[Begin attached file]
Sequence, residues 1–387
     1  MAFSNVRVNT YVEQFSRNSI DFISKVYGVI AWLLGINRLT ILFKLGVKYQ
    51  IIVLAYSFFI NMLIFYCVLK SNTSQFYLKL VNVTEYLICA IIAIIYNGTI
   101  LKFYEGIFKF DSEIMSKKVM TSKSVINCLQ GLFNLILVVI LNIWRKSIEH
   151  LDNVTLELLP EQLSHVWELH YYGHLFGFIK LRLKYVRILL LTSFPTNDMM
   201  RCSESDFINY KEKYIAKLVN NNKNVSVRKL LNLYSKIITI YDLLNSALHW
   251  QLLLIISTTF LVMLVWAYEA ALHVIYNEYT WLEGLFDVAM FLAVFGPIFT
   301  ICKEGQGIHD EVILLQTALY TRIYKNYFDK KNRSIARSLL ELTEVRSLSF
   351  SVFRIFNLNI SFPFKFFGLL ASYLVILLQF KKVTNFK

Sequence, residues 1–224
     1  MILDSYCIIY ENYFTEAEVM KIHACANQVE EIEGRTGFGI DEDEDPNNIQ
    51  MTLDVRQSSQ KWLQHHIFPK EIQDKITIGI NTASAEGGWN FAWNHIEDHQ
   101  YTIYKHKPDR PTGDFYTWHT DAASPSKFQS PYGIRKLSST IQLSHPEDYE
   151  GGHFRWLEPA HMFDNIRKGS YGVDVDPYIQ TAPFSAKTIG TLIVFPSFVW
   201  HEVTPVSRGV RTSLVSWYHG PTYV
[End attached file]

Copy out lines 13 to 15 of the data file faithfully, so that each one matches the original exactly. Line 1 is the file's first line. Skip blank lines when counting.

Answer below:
   101  YTIYKHKPDR PTGDFYTWHT DAASPSKFQS PYGIRKLSST IQLSHPEDYE
   151  GGHFRWLEPA HMFDNIRKGS YGVDVDPYIQ TAPFSAKTIG TLIVFPSFVW
   201  HEVTPVSRGV RTSLVSWYHG PTYV